|UNITED STATES OF AMERICA,
JAMES S. ANDERSON,
James A. Anderson was convicted of conspiring to receive and distribute child pornography in violation of 18 U.S.C. § 2252(a)(2) and (b)(1); transporting child pornography in interstate commerce via delivery service in violation of § 2252(a)(1); and electronically transporting child pornography in interstate commerce in violation of § 2252(a)(1). The district court sentenced him to 104 months and to a three-year term of supervised release on each count, to be served concurrently. The district court also ordered him to pay $60,000 in restitution to an exploited child's family and imposed $300.00 in special assessments. Mr. Anderson appeals from that part of his sentence that was enhanced based on relevant conduct of one of his co-conspirators. We affirm.
The facts are undisputed. Mr. Anderson was a member of a nationwide group called the Orchid Club, the purpose of which was to exchange new and rare child pornography, including private pictures produced by group members with access to children. Mr. Anderson participated in an online chat room discussion in February 1996 when Ronald Riva, one of the members, announced that Ashley, his daughter's ten-year-old friend, was spending the night at his house. He stated that she had volunteered to participate in a sexual video but that he did not have a camera at that time. Before he left the chat room, Mr. Anderson stated, "I didn't want to miss Ashley." R. Vol. 6, at 611 (quoting Ex. 59 at 8). In March 1996, Mr. Anderson was again online when Mr. Riva stated that Ashley would again be spending the night and that he was excited about it. On April 2, 1996, Riva sexually molested Ashley, recording it by video live and on-line for club members' benefit. While Mr. Anderson was not on-line the night the video was created and transmitted, he later received still pictures of Ashley's molestation that he stored on a private drive with the files labeled "Ash 1" through "Ash 9." Id. at 621.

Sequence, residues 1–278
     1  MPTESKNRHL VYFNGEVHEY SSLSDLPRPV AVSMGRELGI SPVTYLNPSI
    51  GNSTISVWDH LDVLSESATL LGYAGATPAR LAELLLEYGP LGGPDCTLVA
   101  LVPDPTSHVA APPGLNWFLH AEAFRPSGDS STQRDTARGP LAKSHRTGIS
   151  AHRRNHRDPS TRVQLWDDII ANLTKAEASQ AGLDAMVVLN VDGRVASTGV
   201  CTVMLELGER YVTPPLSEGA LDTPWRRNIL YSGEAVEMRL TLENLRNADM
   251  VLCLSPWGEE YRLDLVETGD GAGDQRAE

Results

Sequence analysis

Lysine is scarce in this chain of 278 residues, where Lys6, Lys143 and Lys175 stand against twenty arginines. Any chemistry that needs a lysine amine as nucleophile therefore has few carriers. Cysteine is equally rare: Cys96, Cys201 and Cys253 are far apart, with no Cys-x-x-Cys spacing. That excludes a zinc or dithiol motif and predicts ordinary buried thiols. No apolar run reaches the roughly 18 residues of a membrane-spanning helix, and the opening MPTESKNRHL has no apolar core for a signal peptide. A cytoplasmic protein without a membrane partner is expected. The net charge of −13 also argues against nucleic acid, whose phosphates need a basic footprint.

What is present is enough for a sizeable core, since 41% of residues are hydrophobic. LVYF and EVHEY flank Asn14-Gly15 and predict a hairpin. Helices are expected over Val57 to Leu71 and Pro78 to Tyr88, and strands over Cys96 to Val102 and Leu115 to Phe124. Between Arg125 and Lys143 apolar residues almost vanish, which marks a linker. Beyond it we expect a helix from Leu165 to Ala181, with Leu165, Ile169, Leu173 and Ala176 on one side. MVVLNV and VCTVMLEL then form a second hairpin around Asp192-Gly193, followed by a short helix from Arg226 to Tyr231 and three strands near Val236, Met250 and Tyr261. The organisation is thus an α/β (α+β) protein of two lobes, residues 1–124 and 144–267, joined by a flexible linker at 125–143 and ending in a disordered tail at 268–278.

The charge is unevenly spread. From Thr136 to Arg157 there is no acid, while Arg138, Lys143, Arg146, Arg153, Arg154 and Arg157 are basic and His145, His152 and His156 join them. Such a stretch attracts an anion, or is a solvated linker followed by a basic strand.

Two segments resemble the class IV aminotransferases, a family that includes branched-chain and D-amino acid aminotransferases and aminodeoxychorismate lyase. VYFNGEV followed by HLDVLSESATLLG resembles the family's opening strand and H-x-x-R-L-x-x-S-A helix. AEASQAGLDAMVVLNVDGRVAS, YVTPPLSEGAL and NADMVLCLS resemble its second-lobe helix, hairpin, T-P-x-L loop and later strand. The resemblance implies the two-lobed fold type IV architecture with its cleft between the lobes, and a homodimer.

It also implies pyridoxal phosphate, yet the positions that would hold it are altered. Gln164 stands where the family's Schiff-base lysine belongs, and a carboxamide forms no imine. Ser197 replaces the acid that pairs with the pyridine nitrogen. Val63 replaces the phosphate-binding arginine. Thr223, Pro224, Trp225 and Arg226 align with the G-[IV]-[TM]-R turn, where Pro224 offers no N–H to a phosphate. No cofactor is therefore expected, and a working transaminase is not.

After conviction, the United States proposed calculating Mr. Anderson's base offense level using USSG § 2G2.1 because Mr. Anderson's offense of conviction involved causing a minor to engage in sexually explicit conduct for the purpose of producing a visual depiction of that conduct. Even though Mr. Anderson had not himself physically engaged in the child's sexual exploitation, under the Guidelines he could be held accountable for Mr. Riva's conduct if it was a "reasonably foreseeable act . . . of [another] in furtherance of the jointly undertaken criminal activity." USSG § 1B1.3(a)(1)(B). The district court agreed, noting that it could consider "any explicit agreement or implicit agreement fairly inferred from the conduct of the defendant and others." R. Vol. 1, Doc. 168 at 8 (quoting § 1B1.3(a) cmt.2).
The court noted that the government had proved that: "[Mr. Anderson] had notice of [the molestation] prior to its occurrence" and that he "received a still picture [of the child] after the incident." Id. at 9. The court further cited the trial exhibits and testimony presented at the sentencing hearing that specifically demonstrated Mr. Anderson's knowledge of Mr. Riva's intended conduct and the purpose of the Orchid Club. The court stated,